We’re programmed to face chin up and cheerful into whatever life brings. The etiquette of our upbringing in the 50s and 60s warned that people don’t want to hear our problems, only to exchange pleasantries and move along.
I suppose that was true at some time in recent history, but with the advent of the information age and the mass migration to social media, things have evolved.
There is still plenty of room for cheerful greetings as we pass a stranger on the street, but as we sink deeper into this time of advanced age, it seems to me we must cultivate deeper and more meaningful relationships. Of course, that’s only my opinion.
Yesterday, I shared an intriguing conversation with my closest friend who lamented the “old lady” walking group she recently joined was leaving her agitated.
“I don’t want to talk any more. I want to chat – about their favorite movies, what we’re all cooking for dinner, and the latest best seller.”
As a former family counselor, and my treasured friend of more than three decades, I was surprised by her out-of-character reaction. But this morning, having ample time to consider what might be at the source of her impatience for serious exchange, I now wonder if she may be suffering from an overdose of reality.
And rightly so, we’ve been enduring years of devastation caused by a deadly virus, natural disasters, political decisions, and so on. And as with many other conditions affecting family and lifestyle, the responsibility of how to adapt has fallen primarily on the women.
We’ve all done an extraordinary job, cooking, home schooling, administering sympathy to those who struggle with the isolation, even providing respite for adult sons and daughters when their demanding lives crash up on the shores of health protocols and work-from-home pressures overwhelm them.
We’ve donated to those in need, and some have even taken in people whose homes were ruined by hurricanes and floods.
For the most part, we’ve succeeded, but what is surfacing now is fatigue. We’re struggling to hold it all up much longer.
But still, I pondered, why the resistance to sharing the details of this difficult time in the women’s group? One possible reason occurred to me early this morning. This group is comprised of unrelated women with no previous bond. They are not friends. It’s not her tribe.
I wonder if she might feel differently if it were a small gathering of her closest companions and confidants, or even more likely, if it were she and I sharing how we feel. My guess is, absolutely. And that’s good because we need our friends – now more than ever.
But how do we evoke the trust and candor to help us lay down, just for the moment, the weight of our lives, the fears, and sadness brought on by events we don’t control and can only react to as effectively as we’re able?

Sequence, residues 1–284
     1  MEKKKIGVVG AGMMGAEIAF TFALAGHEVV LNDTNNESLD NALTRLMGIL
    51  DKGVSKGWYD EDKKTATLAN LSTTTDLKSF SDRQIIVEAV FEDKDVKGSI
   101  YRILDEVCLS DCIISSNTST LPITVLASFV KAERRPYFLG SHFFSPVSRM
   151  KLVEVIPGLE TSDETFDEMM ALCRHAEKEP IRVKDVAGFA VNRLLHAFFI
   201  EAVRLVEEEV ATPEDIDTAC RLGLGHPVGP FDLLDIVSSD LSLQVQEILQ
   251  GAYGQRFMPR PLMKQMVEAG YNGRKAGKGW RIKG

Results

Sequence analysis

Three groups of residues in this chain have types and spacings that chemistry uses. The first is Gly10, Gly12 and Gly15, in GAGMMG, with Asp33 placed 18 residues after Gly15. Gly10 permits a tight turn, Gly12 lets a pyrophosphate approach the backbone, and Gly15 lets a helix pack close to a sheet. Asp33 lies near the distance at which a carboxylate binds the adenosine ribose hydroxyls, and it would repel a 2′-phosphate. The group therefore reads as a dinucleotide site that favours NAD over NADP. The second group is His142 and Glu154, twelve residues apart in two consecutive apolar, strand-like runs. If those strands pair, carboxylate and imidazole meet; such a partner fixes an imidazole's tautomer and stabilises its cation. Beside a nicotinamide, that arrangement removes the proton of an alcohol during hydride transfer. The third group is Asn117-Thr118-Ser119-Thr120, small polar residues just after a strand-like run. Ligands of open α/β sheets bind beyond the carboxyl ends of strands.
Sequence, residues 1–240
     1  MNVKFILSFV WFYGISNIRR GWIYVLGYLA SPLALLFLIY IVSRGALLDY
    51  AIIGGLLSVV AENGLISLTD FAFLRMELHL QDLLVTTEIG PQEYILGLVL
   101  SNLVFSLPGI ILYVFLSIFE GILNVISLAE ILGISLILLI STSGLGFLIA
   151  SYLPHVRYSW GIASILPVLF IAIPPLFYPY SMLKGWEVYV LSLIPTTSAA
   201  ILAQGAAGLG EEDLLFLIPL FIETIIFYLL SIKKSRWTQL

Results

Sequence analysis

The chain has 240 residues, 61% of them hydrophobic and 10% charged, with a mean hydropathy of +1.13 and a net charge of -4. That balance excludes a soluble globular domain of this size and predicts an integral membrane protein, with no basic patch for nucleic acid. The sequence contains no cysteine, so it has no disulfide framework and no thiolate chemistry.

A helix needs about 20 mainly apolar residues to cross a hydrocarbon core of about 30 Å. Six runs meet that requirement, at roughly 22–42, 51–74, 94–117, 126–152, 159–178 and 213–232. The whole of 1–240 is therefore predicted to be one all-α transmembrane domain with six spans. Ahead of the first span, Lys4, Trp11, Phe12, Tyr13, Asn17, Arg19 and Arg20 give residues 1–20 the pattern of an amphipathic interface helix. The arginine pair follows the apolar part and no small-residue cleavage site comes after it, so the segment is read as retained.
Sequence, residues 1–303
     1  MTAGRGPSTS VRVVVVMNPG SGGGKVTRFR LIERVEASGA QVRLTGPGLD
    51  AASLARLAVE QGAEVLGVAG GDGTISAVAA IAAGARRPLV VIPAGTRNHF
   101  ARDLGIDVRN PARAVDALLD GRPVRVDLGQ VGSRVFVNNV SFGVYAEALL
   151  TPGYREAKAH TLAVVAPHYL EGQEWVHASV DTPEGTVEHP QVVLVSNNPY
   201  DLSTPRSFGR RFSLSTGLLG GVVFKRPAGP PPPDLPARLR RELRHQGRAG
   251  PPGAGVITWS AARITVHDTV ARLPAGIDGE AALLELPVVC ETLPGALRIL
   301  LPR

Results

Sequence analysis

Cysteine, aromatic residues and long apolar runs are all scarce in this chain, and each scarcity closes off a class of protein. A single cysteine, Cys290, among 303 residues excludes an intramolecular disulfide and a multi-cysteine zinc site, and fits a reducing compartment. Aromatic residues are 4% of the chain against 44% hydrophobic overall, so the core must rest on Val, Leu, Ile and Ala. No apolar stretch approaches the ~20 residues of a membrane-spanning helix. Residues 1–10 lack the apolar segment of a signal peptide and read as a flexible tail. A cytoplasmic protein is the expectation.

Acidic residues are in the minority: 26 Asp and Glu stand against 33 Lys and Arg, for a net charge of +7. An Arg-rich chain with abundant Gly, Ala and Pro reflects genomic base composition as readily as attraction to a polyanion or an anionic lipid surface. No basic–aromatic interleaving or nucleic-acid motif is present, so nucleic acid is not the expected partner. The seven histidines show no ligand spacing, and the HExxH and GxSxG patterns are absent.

How do we open up? How do we install a place and instill a sense of freedom into our relationships that invites meaningful conversation and comfort in our exchange?
Here are my thoughts.
Choose the person you trust the most to accept honesty from you, and see how it feels to release what you’re holding in. Tell them how you feel, what you miss, what you fear, and how you are. Chances are you will receive support and gentle encouragement, which in return may give you the courage to talk more honestly to others.
Use the daily news as an icebreaker. When you read stories about how others are being impacted emotionally, financially, within their relationships with family and friends, bring the topic up in your conversation and let it lead to sharing your personal experience.
If you’re uncomfortable with a face-to-face conversation, send an email, use Facebook messenger or mail a card with a sincere message. Often times, a written communique allows us to express ourselves more fully without feeling self-conscious.
Ask your friend about her experience. See if she is, perhaps, just waiting for someone to show an interest to open the floodgates of what has been building up inside.
Remember to be an active listener. Listen to understand and support, letting her fully express herself, then take your turn to share what is going on with you.
Promise your support, offer help and validate feelings. Try to avoid judgement and giving advice, as it often hampers honest expression. Start gently and be patient. You are making strides toward a more intimate relationship and that takes time and trust. We are all a little raw and on edge right now.
Commit to talking again soon. Once communication is opened up, it needs to be nurtured. Even frequent virtual visits will do.
This difficult time, if met with an open heart and compassion, can be an opportunity for newfound connection that could enrich our live and perhaps even last a lifetime.
Do you suffer from lack of deep, intimate communication? Why do you think that is? Or have you found a way to deepen your relationships with friends and family? Please share what you like to go deep about with friends and with whom you prefer to stay in the shallow waters.